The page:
While Blake Griffin has physically moved on from the Detroit Pistons, most of his massive contract still counts on his former team’s salary cap. This does limit the moves general manager Troy Weaver can make in the off-season.
When teams finish with the second-worst record in the NBA, usually words like ‘sweeping change’ and ‘ready to make big moves’ are used in the post-season press conferences by team management.
However, the day after the season, general manager Troy Weaver was more muted in his comments. He phrased things for the Pistons as ‘not many roster spots available’ and ‘improving in-house.
A team that just went 20-52 basically standing pat is an unusual strategy. However, there are two unusual factors involving the Pistons:
- Detroit just went through a massive roster overhaul. Only one player from last year’s team, Sekou Doumbouya, survived to the end of the season. Many of the newcomers were promising young players.
- The Pistons salary cap situation for next season is not optimum.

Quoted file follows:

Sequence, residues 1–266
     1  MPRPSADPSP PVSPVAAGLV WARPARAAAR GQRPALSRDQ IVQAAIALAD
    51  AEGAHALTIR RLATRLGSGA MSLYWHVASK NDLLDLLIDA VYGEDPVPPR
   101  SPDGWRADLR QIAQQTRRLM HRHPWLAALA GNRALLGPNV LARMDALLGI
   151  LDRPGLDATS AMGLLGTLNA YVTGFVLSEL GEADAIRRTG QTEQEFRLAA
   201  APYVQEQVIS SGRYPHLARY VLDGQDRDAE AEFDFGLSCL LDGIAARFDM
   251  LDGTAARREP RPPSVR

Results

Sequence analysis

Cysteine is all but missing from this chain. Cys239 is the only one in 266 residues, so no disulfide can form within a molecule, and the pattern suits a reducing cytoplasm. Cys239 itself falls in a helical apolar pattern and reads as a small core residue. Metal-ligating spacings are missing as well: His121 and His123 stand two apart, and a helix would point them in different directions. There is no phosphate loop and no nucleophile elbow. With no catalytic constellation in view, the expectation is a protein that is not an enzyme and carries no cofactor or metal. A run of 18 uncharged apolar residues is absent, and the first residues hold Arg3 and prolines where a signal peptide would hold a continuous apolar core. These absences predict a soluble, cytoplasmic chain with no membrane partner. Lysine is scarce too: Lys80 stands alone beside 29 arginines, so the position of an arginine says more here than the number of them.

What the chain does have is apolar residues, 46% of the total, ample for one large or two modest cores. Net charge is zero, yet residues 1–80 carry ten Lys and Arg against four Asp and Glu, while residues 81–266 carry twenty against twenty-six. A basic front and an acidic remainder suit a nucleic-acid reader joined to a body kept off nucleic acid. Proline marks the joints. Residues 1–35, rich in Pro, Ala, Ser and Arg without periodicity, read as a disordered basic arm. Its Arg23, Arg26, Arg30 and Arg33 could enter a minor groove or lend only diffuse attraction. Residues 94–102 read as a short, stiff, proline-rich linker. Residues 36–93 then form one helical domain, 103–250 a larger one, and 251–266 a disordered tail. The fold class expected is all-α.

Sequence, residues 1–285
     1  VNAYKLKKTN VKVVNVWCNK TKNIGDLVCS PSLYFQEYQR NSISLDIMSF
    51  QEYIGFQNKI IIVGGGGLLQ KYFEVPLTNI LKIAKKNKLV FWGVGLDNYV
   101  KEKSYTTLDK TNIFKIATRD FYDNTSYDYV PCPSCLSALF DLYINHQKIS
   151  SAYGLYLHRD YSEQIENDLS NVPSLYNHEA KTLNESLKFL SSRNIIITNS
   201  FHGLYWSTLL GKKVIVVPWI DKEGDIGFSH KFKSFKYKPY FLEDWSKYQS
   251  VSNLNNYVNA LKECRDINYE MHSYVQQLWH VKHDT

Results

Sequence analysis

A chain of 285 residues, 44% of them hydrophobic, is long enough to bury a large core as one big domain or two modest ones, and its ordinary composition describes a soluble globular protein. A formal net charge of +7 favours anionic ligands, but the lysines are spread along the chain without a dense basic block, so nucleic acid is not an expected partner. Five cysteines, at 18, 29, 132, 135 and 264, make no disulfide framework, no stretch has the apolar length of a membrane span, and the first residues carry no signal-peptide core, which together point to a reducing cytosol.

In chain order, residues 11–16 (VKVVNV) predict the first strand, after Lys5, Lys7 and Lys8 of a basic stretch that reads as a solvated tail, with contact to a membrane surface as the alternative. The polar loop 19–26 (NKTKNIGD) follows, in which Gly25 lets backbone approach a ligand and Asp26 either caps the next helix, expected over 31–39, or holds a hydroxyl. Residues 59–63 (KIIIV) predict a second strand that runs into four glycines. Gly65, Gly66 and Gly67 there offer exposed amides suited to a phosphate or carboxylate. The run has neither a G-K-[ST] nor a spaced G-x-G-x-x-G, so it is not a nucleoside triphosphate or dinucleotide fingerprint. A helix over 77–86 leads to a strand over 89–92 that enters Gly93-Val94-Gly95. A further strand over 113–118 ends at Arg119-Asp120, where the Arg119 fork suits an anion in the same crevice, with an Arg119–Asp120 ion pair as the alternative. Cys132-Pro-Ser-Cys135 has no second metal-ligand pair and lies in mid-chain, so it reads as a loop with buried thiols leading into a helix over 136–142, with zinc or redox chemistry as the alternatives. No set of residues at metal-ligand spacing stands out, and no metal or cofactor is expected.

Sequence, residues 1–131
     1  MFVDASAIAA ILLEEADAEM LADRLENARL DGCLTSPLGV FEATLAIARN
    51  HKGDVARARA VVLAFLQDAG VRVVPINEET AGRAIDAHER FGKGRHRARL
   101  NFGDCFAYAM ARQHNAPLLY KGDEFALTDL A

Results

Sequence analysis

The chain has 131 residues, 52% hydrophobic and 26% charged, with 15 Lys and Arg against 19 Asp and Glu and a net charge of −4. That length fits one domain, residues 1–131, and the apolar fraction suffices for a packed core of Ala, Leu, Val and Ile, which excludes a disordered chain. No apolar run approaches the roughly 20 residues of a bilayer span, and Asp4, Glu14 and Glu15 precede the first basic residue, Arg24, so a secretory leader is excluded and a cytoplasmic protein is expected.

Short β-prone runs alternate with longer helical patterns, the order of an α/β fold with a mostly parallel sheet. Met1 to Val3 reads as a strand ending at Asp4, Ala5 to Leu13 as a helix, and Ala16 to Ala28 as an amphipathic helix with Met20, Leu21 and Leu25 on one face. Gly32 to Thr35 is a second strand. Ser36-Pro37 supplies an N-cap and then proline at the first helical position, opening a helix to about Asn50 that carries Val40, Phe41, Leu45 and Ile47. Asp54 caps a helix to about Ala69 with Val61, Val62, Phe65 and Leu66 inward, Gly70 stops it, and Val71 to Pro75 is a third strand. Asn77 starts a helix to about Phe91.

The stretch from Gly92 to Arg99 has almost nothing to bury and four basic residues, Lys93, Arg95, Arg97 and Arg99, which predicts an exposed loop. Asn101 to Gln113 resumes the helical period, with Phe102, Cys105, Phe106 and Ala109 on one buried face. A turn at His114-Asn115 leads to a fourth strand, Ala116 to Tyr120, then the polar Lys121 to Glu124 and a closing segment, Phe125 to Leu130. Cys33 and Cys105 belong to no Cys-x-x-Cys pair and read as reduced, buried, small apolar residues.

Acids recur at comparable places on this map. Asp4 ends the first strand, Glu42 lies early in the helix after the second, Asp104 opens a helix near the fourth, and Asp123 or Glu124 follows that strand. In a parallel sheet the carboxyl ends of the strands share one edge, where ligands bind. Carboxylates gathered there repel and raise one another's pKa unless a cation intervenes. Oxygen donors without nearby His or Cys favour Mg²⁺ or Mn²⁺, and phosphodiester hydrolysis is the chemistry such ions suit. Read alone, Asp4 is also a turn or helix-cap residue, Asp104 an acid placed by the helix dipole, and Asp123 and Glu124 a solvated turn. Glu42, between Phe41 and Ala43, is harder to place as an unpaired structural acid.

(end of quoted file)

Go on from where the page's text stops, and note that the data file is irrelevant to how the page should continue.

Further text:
Usually teams that are bad have gobs of salary cap space. No point in paying players a lot of money when you are not winning.
But the Detroit Pistons are in that weird situation of losing lots of games, and not having a lot of cap space.
(all salary cap info courtesy Spotrac.com)
Counting everything, guaranteed contracts, dead money and cap holds, the Pistons are about $31 million OVER next season’s projected salary cap of around $112 million.
This is not a talent evaluation of who should stay or go. It’s a consideration of the financial implications of who does stay or go. Also, discovering what is at this point, totally outside of the Pistons control.
So how did Detroit get in this situation? Breaking it down, the answer is pretty simple: The Ghost of Blake Griffin’s contract still haunts the Pistons.